Chateau Brane Cantenac   Chateau Brane Cantenac

2016 Chateau Brane-Cantenac

By Chateau Brane-Cantenac

2016 Chateau Brane-Cantenac from Chateau Brane-Cantenac, Margaux, Bordeaux

The Margaux appellation is noted for producing wines with an alluring finesse, and the 2016 Chateau Brane-Cantenac from Chateau Brane-Cantenac is a quintessential exemplar of such craftsmanship. This particular vintage encapsulates the essence of a Bordeaux blend that has ripened impeccably under the benevolent gaze of a benevolent Bordelais sun.


Vintage Veracity: A Promise of Potential

The 2016 vintage in Bordeaux was characterised by a damp start and a scorching summer, a climatic paradox which ultimately laid down the gauntlet for vintners. It was those who expertly navigated these conditions, like the revered team at Chateau Brane-Cantenac, who coaxed from their vines a crop with both excellent phenolic ripeness and refreshing acidity—a combination that forecasts remarkable ageing potential for investors and connoisseurs alike.


Territorial Tenacity: Terroir’s Triumph

The terroir of Chateau Brane-Cantenac's vineyard plots sings through in this vintage, with the gravelly soils imparting to the wine an undeniable Minerality that juxtaposes gracefully against plush tannins and layers of dark fruit. The 2016 Chateau Brane-Cantenac possesses a bouquet where blackcurrants, violets, and subtle oak spices dance in harmonious complexity. On the palate, there is an unyielding structure that promises longevity, yet it is worn lightly—suggesting enjoyment in both its impetuous youth and assured maturity.

It comes as no surprise that those focusing on the intricacies of fine wine investment have lauded the 2016 vintage for displaying balance seldom achieved—a balance that makes it immensely collectable and poised for promising returns on cellaring.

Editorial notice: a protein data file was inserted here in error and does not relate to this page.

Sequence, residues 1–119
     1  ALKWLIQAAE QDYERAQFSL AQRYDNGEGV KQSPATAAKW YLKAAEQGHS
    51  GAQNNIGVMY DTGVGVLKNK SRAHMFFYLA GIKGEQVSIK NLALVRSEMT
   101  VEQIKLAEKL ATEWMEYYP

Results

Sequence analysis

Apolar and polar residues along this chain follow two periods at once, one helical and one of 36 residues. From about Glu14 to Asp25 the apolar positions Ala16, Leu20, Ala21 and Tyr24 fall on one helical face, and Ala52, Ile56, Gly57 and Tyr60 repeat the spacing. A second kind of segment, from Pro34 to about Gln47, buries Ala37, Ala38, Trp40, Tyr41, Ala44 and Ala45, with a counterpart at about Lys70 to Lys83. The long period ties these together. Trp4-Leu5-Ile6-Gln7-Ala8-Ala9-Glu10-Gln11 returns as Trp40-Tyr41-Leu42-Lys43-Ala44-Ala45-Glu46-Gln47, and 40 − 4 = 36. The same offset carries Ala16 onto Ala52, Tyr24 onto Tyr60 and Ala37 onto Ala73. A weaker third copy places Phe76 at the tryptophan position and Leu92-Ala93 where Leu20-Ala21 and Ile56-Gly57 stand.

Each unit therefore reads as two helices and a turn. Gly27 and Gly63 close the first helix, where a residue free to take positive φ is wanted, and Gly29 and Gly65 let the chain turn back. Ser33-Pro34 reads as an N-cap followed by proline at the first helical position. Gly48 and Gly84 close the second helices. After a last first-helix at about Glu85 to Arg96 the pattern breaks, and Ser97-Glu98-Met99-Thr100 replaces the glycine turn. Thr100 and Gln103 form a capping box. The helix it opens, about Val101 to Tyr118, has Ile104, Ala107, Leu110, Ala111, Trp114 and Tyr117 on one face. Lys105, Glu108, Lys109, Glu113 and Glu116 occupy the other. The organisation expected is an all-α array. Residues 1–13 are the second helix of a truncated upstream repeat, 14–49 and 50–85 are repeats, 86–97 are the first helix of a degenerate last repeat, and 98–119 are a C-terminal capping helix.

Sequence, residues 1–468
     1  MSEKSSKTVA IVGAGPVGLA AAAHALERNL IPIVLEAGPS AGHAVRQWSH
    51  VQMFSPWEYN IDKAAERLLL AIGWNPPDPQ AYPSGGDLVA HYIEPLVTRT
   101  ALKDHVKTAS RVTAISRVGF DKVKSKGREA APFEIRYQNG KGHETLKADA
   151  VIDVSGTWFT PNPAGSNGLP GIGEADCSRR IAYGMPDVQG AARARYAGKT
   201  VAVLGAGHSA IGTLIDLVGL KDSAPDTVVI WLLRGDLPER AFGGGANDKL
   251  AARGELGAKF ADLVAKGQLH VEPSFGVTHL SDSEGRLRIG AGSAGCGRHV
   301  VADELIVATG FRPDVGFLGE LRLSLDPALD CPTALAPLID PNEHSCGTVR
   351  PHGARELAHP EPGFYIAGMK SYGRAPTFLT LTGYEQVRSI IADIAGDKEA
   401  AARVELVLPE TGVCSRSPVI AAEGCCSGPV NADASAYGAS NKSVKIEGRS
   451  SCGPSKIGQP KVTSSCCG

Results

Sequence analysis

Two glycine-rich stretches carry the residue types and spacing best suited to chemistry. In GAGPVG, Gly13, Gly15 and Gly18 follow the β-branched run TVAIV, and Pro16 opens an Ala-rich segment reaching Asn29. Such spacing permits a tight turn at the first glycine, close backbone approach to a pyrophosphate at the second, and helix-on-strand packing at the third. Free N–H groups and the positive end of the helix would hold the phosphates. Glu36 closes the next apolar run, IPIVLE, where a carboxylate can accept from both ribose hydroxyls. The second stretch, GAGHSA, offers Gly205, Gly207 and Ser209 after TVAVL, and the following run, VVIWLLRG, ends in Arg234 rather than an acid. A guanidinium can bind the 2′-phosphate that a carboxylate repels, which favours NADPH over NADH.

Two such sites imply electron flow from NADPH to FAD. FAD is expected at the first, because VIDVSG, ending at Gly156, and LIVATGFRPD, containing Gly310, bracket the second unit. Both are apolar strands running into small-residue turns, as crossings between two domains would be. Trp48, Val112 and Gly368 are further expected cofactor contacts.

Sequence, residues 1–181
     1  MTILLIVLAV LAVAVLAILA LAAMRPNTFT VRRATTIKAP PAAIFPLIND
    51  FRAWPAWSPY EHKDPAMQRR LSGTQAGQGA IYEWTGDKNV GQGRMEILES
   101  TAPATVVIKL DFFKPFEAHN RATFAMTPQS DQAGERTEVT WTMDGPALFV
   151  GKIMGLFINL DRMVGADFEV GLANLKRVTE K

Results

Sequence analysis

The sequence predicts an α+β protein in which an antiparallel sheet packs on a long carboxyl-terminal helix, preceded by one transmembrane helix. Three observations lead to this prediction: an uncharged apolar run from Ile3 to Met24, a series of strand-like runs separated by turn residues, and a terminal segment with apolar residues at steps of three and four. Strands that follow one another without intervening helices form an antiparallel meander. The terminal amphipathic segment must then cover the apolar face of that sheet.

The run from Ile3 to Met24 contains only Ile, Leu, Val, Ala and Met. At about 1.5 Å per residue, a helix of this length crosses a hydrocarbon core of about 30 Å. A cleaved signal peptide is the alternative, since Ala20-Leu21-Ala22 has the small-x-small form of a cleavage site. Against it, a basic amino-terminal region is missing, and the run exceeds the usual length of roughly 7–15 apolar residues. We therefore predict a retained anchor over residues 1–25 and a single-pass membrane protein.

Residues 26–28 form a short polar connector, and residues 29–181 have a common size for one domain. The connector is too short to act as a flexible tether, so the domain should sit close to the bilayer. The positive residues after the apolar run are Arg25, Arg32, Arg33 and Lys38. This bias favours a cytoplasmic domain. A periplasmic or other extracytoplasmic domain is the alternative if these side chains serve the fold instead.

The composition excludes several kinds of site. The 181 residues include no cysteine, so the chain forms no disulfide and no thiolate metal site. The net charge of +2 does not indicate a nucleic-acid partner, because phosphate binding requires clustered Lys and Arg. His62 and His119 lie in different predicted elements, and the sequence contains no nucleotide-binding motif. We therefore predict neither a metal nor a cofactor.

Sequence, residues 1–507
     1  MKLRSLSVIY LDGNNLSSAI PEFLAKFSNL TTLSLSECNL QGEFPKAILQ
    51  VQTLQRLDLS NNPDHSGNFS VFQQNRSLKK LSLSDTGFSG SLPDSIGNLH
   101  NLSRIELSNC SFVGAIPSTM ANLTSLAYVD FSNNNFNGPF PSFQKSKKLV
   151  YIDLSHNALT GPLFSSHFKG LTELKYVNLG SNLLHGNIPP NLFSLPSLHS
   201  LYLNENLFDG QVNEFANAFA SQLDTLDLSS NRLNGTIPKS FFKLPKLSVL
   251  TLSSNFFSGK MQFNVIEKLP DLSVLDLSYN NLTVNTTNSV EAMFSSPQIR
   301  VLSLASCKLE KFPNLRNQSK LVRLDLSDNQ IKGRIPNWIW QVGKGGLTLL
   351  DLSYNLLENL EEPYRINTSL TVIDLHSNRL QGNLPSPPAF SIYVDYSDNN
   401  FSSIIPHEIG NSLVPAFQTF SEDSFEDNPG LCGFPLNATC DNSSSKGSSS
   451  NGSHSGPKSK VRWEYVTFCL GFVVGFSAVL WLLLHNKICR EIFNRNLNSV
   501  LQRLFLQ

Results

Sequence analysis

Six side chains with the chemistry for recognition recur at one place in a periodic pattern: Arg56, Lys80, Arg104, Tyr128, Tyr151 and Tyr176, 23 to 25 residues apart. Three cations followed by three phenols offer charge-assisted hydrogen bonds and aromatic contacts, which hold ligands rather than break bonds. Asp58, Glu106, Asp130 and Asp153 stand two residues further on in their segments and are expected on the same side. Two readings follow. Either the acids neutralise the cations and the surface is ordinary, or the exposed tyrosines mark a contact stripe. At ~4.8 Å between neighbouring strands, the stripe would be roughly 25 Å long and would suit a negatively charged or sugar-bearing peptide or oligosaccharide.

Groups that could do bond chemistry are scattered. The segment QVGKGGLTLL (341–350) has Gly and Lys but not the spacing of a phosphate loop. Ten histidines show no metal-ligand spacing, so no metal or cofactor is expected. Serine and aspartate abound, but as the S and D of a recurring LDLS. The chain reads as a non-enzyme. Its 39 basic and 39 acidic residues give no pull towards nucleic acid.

Connoisseur's Conclusion

Appreciation for this prime vintage's equity should not overshadow its primary role as a source of enological enchantment. The 2016 Chateau Brane-Cantenac is undoubtedly one to acquire: to observe as it evolves, to delight as it unfurls over time. Its well-appointed nature serves as testimony to the seasoned hands at Chateau Brane-Cantenac and lays down an enticing gauntlet for those seeking both sensory pleasure and savvy investment from their cellars.

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Scores and tasting notes


The 2016 Brane-Cantenac is a blend of 70% Cabernet Sauvignon, 27% Merlot, 2% Cabernet Franc and 1% Carmenere picked from 22 September until 17 October (the tiny parcel of Carmenere picked three days later). The yields came in at 51 hectoliters per hectare and it is matured in 75% new oak and 25% one-year-old barrels, the final alcohol level 13.3%. It has a beautifully defined, very detailed bouquet with mineral-rich black fruit laced with cedar and graphite notes, living up to its nom de plume as the "Pauillac of Margaux." The palate is simply the best that I have ever tasted at the estate, without question. This has presence, but also weightlessness, filigree tannin and perfectly pitched acidity, with real intensity and drive. The tension here is outstanding and the persistence is incredibly long. It is not the showiest of all the 2016s by a long stretch, and yet it is everything you could possibly want from a Margaux. Like Beychevelle this year, the 2016 Brane-Cantenac puts recent vintages in the shade, thanks not only to the growing season, but also a new punching down system in their gravity-fed winery that was completed in 2015. The 2016 is a benchmark against which future vintages will be compared.

Neal Martin - The Wine Advocate, 28 April 2017


This is really strong from Brane-Cantenac this year with toned muscles and beautiful fruit. Full-bodied, chewy and polished. Shows wonderful intensity and density yet remains reserved and very tight. Very impressive from here. Grabs you. One of the best ever from here.

James Suckling -, April 4th 2017


Shows a coffee edge, along with tobacco and bay notes that meld steadily into the core of steeped plum and black cherry fruit. The fleshy finish lets the bay element take an encore. A touch old-school.—J.M.

Wine Spectator - The Wine Spectator (James Molesworth)


Dark purplish crimson. Neat, unforced, smells fully ripe. Salty finish and a fine spread across the palate. Bone dry, but not too drying, finish. Cool, unforced and sophisticated. Very competent indeed.

Jancis Robinson -

Vintage performance